25 https://www.aljazeera.com/programmes/specialseries/2018/12/yemen-saada-bus-bombing-181221224132671.html

26 https://www.aljazeera.com/news/2019/04/saudi-led-air-raids-kill-11-civilians-yemen-sanaa-190407201257046.html

27 https://www.reuters.com/article/us-yemen-security/attack-on-yemen-market-kills-more-than-10-warring-parties-trade-blame-idUSKCN1UO1SR

28 https://www.presstv.com/Detail/2019/12/25/614560/Sa%E2%80%99ada-strike-flagrant-violation-of-international-human-rights-laws:-Yemeni-Ministry

29 https://en.irna.ir/news/83261327/Saudi-coalition-destroys-5-000-km-of-roads-in-Yemen

30 http://www.investinyemen.org/content.php?c=11&langid=2&pageid=3

31 https://en.irna.ir/news/83261327/Saudi-coalition-destroys-5-000-km-of-roads-in-Yemen

Infrastructure Destroyed

References

Overall estimated damage to infrastructure

$3.29 billion

29

Total length of roads in Yemen

71,300 km

30

(including 6,200 km

paved roads)

Roads destroyed

5,000 km

31

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   email: info@cpakgulf.org  web: www.cpakgulf.org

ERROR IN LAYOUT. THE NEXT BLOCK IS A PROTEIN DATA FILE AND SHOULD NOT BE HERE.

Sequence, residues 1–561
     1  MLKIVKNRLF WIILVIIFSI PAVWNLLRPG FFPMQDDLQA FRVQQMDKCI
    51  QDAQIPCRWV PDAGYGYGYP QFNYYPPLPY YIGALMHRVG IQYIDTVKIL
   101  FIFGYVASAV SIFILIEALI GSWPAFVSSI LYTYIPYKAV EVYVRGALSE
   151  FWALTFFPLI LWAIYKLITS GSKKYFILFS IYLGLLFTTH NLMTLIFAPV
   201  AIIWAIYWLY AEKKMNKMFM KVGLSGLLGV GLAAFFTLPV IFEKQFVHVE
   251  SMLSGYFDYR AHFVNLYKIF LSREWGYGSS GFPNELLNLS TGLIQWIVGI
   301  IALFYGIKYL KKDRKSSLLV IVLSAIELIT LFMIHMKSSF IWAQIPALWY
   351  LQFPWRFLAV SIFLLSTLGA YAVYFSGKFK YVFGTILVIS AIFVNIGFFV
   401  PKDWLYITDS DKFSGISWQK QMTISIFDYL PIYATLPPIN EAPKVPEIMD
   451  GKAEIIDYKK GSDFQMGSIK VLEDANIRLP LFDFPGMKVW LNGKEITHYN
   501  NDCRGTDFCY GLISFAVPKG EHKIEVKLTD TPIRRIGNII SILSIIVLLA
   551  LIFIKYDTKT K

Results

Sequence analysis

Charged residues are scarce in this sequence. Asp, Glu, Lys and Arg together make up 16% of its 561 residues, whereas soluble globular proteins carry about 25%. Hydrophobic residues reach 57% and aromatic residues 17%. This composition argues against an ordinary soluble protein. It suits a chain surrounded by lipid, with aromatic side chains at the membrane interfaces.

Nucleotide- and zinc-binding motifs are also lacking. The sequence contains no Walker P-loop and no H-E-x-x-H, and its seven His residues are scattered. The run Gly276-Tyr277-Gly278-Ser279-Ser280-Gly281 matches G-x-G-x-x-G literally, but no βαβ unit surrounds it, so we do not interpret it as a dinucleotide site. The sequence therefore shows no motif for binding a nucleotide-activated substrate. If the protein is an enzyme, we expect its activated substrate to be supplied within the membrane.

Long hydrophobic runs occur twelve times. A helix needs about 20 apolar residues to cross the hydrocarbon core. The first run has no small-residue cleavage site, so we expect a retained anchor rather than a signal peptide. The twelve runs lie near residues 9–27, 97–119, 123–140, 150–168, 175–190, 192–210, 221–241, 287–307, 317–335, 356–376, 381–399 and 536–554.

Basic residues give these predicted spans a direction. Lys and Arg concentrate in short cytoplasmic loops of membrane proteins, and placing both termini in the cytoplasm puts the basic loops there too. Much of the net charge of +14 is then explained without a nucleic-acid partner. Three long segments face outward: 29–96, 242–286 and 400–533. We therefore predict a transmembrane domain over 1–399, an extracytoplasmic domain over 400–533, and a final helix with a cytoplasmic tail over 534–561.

Research by:  Siffat Ali – Research Associate

Designed by:  Fatima Sureyya – Web/Graphic Designer

In  war,  whoever  wins,  civilians  pay  the  price.  The  prolonged  conflict  in  Yemen  has  seen  a  staggering

number of people killed and an even bigger number of people displaced.

Human Cost of Yemen Conflict10

Elsewhere, condition of food security is no better than rest of the humanitarian needs in Yemen. Reports

coming out from Yemen reveal the gravity of issue. Blockade and continuous violence has created ample

food scarcity and data show the severity of it.

Food Security in Yemen

Death toll since

2015

100,000

Internally displaced persons

3.3  million

11

Returnees

1 million

12

Direct civilian targeting attacks

4,900

Total civilian casualties

18,346

13

Civilian casualttes from direct violence

12,000

(Saudi-led coalition responsible for

67% while Houthis responsible for 16%)